The English-language version of the film retains most of the regional changes made to the TV show, like the use of different character names (for instance, the character known in Japan as "Anzu Mazaki" is named "Téa Gardner" in other markets). Unlike the regular series, the trading cards seen in the film actually look like their real-life counterparts; the English-language series would normally edit them to alter their appearance.
The version of the film released in Japan featured twelve minutes of additional animation. It utilized the characters' original names, along with the original soundtrack and sound effects heard in the Japanese version of the television series.
Attendees of the premiere got 2 of 4 free Yu-Gi-Oh! Trading Card Game cards (Pyramid of Light, Sorcerer of Dark Magic, Watapon, and Blue-Eyes Shining Dragon) when filmgoers purchased tickets for the film.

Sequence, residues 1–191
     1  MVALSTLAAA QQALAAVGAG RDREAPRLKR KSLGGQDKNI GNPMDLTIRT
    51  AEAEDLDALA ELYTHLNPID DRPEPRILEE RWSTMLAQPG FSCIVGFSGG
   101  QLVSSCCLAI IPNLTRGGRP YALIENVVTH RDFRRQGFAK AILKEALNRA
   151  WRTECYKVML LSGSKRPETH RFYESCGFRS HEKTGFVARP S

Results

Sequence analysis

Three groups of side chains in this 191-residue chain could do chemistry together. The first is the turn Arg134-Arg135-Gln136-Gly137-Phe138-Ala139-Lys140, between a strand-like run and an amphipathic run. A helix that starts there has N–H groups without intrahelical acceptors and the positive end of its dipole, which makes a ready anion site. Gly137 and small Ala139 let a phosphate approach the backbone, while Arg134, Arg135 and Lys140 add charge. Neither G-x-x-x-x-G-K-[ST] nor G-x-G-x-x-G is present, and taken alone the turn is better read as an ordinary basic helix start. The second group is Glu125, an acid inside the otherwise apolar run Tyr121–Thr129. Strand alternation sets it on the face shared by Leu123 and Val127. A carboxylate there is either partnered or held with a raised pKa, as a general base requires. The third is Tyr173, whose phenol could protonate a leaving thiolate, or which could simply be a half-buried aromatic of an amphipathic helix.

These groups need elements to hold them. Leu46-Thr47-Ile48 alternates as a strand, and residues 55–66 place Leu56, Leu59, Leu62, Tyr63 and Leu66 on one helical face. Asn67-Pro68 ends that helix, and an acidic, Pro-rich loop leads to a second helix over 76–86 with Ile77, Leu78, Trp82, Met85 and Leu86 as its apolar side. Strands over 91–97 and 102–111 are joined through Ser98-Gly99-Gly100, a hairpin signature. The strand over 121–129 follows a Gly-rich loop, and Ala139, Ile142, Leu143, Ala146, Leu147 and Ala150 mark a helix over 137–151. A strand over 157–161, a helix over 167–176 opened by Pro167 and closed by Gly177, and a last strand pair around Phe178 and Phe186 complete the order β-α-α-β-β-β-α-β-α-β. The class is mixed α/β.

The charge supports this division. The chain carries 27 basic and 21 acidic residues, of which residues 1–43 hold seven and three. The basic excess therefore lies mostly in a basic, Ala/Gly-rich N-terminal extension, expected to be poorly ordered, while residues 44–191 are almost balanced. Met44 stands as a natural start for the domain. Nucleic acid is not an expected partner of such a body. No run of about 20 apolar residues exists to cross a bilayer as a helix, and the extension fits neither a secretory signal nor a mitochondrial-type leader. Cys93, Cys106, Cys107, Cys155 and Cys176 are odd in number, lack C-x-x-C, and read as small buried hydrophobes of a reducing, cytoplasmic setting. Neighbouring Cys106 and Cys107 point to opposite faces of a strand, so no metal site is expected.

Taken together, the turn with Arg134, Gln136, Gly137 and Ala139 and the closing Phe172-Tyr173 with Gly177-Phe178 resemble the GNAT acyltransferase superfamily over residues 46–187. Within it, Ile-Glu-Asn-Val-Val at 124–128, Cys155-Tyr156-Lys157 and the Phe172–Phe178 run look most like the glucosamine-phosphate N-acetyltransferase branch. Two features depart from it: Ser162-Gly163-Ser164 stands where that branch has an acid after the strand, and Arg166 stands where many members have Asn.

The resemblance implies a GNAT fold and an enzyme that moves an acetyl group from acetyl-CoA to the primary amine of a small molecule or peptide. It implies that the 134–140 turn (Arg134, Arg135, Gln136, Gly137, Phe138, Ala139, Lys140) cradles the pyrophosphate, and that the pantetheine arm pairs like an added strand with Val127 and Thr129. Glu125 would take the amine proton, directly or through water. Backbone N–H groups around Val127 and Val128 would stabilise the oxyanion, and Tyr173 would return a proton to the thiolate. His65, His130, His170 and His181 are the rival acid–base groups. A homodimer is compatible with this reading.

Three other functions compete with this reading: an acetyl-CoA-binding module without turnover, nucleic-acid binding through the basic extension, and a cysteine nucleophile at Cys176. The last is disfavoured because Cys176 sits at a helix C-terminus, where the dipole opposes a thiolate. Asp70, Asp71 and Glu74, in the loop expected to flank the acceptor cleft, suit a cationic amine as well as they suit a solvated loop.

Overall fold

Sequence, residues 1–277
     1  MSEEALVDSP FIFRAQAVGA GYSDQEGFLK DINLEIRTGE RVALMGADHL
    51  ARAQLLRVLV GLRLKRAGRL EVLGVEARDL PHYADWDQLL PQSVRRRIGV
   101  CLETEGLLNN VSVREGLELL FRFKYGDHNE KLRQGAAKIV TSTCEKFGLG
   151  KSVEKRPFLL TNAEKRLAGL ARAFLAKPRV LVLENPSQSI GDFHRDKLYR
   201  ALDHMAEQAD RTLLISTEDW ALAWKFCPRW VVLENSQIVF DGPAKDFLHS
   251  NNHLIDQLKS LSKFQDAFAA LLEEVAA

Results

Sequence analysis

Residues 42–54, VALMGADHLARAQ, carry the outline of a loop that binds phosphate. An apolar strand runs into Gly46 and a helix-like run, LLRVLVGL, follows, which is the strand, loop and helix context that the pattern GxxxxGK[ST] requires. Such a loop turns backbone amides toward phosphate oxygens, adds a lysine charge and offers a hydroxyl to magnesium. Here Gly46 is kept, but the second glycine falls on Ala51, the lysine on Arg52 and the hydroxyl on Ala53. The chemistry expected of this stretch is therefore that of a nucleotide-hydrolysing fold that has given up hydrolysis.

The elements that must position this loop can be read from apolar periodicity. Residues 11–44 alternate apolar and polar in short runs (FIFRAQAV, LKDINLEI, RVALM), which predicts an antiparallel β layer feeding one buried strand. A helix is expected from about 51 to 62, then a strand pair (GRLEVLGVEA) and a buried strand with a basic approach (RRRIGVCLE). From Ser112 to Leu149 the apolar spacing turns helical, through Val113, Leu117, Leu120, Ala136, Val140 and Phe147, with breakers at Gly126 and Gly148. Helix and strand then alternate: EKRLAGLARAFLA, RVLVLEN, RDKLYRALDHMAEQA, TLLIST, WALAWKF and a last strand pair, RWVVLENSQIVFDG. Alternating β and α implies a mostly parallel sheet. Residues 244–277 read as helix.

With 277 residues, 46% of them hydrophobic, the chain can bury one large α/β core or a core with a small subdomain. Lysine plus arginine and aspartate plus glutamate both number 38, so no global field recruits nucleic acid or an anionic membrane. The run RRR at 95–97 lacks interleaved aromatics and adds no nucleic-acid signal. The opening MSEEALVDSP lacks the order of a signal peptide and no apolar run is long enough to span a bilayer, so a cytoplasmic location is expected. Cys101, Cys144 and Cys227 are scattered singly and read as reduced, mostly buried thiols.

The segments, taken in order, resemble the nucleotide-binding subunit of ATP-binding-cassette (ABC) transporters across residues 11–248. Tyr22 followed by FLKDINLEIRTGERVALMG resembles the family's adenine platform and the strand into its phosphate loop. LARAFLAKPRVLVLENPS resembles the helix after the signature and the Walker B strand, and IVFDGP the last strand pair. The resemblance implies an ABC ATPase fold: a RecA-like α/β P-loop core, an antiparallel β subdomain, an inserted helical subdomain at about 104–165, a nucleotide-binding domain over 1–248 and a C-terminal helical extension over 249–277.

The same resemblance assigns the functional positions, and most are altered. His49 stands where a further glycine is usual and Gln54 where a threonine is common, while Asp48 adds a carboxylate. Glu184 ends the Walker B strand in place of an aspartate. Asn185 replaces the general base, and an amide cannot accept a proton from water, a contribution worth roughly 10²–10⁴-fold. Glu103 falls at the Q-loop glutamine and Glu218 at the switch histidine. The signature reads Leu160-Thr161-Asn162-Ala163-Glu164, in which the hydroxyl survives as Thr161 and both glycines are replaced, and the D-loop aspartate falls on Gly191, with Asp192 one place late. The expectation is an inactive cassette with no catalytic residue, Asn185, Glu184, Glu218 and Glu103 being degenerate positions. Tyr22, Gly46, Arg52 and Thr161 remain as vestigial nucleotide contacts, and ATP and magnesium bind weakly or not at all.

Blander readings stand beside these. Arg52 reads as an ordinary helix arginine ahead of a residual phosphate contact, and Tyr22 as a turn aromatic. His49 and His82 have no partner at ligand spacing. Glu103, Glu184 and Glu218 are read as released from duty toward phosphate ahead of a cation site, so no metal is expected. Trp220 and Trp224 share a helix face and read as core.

Yu-Gi-Oh! - The Movie: Pyramid of Light opened at 2,411 screens across the U.S. and made a theater screen average of $3,934. By the end of the weekend, it made $9,485,494 and place #4 on the Box Office Top 10 behind Collateral, The Princess Diaries 2: Royal Engagement, and AVP: Alien vs. Predator, which took the #1 position. It is currently the #3 Japanese animated film in the US Box Office, after Pokémon: The First Movie and Pokémon 2000. The film grossed $19,765,868 in the United States and Canada, with only $29,170,410 worldwide, making it a severe disappointment compared to the first three Pokémon films dubbed by the same company, which were highly successful, with a total worldwide gross of $363 million.